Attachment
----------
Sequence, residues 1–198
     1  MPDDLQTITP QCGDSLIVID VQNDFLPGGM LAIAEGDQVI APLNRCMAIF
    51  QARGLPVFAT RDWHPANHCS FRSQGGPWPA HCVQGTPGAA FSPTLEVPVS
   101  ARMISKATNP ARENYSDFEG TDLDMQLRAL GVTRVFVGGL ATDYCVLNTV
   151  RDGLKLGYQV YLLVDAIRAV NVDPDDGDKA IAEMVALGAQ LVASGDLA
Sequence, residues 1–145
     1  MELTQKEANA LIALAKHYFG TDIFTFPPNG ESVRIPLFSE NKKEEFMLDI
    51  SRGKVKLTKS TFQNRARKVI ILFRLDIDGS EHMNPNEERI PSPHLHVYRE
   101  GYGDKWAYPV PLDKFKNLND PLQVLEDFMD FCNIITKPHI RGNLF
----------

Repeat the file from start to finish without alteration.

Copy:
Sequence, residues 1–198
     1  MPDDLQTITP QCGDSLIVID VQNDFLPGGM LAIAEGDQVI APLNRCMAIF
    51  QARGLPVFAT RDWHPANHCS FRSQGGPWPA HCVQGTPGAA FSPTLEVPVS
   101  ARMISKATNP ARENYSDFEG TDLDMQLRAL GVTRVFVGGL ATDYCVLNTV
   151  RDGLKLGYQV YLLVDAIRAV NVDPDDGDKA IAEMVALGAQ LVASGDLA
Sequence, residues 1–145
     1  MELTQKEANA LIALAKHYFG TDIFTFPPNG ESVRIPLFSE NKKEEFMLDI
    51  SRGKVKLTKS TFQNRARKVI ILFRLDIDGS EHMNPNEERI PSPHLHVYRE
   101  GYGDKWAYPV PLDKFKNLND PLQVLEDFMD FCNIITKPHI RGNLF